The POSIX specification includes these functions:
Versions of the functions
putchar() respectively named
putchar_unlocked() shall be provided which are functionally equivalent to the original versions, with the exception that they are not required to be implemented in a fully thread-safe manner. They shall be thread-safe when used within a scope protected by
funlockfile(). These functions can safely be used in a multi-threaded program if and only if they are called while the invoking thread owns the (
FILE *) object, as is the case after a successful call to the
The specification for these functions mention:
The specification for
flockfile() et al includes the blanket requirement:
All functions that reference (
FILE *) objects, except those with names ending in
_unlocked, shall behave as if they use
funlockfile() internally to obtain ownership of these (
FILE *) objects.
This supersedes the suggested code in previous editions of this answer. The POSIX standard also specifies:
*lockfile()] functions shall behave as if there is a lock count associated with each (
FILE *) object. This count is implicitly initialized to zero when the (
FILE *) object is created. The (
FILE *) object is unlocked when the count is zero. When the count is positive, a single thread owns the (
FILE *) object. When the
flockfile() function is called, if the count is zero or if the count is positive and the caller owns the (
FILE *) object, the count shall be incremented. Otherwise, the calling thread shall be suspended, waiting for the count to return to zero. Each call to
funlockfile() shall decrement the count. This allows matching calls to
flockfile() (or successful calls to
funlockfile() to be nested.
There are also the specifications for the character I/O functions:
The formatted output functions are documented here:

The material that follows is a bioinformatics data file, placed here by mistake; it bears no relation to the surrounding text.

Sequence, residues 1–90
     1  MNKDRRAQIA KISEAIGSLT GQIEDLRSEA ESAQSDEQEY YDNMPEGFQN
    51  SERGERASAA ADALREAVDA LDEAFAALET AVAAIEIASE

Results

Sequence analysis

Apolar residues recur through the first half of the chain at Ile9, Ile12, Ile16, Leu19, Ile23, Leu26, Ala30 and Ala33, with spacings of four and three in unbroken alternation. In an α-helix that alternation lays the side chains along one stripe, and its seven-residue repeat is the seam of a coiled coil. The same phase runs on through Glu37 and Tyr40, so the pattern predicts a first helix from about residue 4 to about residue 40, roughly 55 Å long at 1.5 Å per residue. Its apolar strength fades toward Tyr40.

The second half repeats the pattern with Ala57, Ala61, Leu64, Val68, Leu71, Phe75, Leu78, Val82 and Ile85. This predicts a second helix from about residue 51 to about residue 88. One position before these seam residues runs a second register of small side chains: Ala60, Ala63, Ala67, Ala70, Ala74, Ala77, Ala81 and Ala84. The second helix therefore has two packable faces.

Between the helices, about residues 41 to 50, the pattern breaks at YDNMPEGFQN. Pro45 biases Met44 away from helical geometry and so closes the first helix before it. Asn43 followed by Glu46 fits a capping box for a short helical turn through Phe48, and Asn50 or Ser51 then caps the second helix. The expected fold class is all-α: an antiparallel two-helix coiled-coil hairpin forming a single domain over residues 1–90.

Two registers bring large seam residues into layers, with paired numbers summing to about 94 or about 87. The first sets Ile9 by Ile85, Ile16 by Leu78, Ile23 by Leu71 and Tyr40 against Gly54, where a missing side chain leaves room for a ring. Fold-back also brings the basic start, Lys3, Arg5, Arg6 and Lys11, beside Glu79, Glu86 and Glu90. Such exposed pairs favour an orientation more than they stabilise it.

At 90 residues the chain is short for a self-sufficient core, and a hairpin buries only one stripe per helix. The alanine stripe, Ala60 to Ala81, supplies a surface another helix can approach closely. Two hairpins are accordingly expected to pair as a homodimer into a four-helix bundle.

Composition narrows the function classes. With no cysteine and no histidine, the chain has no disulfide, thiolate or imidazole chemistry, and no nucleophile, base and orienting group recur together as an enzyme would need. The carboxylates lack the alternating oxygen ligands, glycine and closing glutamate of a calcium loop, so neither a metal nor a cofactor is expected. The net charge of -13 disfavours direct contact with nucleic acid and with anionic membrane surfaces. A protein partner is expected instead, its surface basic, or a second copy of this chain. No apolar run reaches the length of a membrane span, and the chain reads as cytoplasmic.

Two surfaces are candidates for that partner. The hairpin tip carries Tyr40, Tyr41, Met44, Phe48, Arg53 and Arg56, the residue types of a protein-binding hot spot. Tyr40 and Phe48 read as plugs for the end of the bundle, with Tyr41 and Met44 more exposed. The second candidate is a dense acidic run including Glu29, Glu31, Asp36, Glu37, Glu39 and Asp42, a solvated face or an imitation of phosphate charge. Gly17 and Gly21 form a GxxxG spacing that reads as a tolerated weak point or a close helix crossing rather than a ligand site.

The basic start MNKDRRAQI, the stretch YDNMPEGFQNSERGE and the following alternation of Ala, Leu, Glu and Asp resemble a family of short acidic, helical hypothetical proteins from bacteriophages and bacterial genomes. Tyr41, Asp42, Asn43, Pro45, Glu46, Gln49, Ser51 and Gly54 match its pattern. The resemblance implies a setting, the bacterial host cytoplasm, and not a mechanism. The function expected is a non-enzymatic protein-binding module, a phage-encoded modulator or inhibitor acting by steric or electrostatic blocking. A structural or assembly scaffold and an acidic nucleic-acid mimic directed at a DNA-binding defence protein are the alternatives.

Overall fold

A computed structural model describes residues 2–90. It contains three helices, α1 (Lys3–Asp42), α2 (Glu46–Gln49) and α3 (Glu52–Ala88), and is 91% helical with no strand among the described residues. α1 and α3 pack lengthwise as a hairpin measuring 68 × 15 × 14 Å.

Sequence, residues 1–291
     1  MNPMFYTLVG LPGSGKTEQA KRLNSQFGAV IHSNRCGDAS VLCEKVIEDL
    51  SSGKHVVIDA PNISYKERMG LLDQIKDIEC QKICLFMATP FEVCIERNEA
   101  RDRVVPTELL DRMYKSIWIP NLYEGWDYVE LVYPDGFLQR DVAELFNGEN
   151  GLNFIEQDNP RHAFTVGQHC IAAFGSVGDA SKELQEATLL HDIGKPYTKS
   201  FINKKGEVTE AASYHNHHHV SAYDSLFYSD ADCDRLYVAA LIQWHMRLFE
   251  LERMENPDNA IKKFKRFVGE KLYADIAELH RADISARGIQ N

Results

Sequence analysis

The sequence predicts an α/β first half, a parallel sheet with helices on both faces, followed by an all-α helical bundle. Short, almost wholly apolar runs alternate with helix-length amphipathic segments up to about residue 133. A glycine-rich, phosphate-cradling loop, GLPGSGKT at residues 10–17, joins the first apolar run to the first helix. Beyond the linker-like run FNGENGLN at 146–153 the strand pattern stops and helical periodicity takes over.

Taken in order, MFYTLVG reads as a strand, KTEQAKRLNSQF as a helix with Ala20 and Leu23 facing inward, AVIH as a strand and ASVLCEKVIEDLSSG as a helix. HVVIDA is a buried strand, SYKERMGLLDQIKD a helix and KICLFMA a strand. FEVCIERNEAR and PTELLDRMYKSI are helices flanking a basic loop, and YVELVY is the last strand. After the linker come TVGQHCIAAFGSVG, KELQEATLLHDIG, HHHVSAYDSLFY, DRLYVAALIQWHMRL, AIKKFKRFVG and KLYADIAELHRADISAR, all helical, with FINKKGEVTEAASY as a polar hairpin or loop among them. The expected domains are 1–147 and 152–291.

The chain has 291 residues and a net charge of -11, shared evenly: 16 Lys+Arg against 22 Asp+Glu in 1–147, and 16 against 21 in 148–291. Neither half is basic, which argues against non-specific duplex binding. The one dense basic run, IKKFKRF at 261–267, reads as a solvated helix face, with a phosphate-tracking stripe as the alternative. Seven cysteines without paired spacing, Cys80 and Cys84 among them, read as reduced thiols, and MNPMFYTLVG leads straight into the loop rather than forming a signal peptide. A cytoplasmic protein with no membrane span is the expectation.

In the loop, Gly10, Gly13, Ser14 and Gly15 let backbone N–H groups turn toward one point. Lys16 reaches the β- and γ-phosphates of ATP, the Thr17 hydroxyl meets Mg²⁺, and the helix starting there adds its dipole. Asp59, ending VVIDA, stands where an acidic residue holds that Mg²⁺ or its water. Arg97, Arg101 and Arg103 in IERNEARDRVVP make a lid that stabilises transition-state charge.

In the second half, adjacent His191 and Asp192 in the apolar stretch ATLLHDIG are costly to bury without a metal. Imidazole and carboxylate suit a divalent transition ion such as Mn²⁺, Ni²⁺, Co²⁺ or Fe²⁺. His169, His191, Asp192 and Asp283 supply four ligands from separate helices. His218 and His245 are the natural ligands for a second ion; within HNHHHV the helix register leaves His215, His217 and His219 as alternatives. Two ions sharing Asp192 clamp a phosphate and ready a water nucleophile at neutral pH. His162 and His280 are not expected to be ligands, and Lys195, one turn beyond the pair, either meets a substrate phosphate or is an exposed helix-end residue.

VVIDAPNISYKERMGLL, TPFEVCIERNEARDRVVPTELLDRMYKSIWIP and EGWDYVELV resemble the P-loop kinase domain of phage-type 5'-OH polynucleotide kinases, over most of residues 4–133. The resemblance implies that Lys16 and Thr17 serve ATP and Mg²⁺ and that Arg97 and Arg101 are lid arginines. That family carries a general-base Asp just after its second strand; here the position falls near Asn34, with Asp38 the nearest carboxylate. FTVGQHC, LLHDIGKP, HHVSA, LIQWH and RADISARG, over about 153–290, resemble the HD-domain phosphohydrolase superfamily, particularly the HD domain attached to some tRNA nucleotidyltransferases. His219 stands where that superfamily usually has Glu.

One key provision in the
printf() specification is:
Characters generated by
printf() are printed as if
fputc() had been called.
Note the use of 'as if'. However, each of the
printf() functions is required to apply the lock so that access to a stream is controlled in a multi-threaded application. Only one thread at a time can be using a given file stream. If the operations are user-level calls to
fputc(), then other threads can intersperse the output. If the operations are user-level calls such as
printf(), then the whole call and all access to the file stream is effectively protected so that only one thread is using it until the call to
In the section of the System Interfaces: General Information section of POSIX on the subject of Threads, it says:
All functions defined by this volume of POSIX.1-2008 shall be thread-safe, except that the following functions1 need not be thread-safe.
…a list of functions that need not be thread-safe…
putchar_unlocked() functions need not be thread-safe unless the invoking thread owns the (
FILE *) object accessed by the call, as is the case after a successful call to the
Implementations shall provide internal synchronization as necessary in order to satisfy this requirement.
The list of exempted functions does not contain
printf() et al).
- Character-level output on a stream is thread-safe unless using the 'unlocked' functions without first locking the file.
- Higher-level functions such as
printf() conceptually call
flockfile() at the start an
funlockfile() at the end, which means that the POSIX-defined stream output functions are also thread-safe per call.
- If you wish to group operations on a file stream for a single thread, you can do so by explicitly using calls to
funlockfile() on the relevant stream (without interfering with the system's use of the
This means there is no need to create mutexes or equivalent mechanisms for yourself; the implementation provides the functions to allow you to control the access to
printf() et al in a multi-threaded application.
…Code from a previous version of this answer removed as no longer relevant…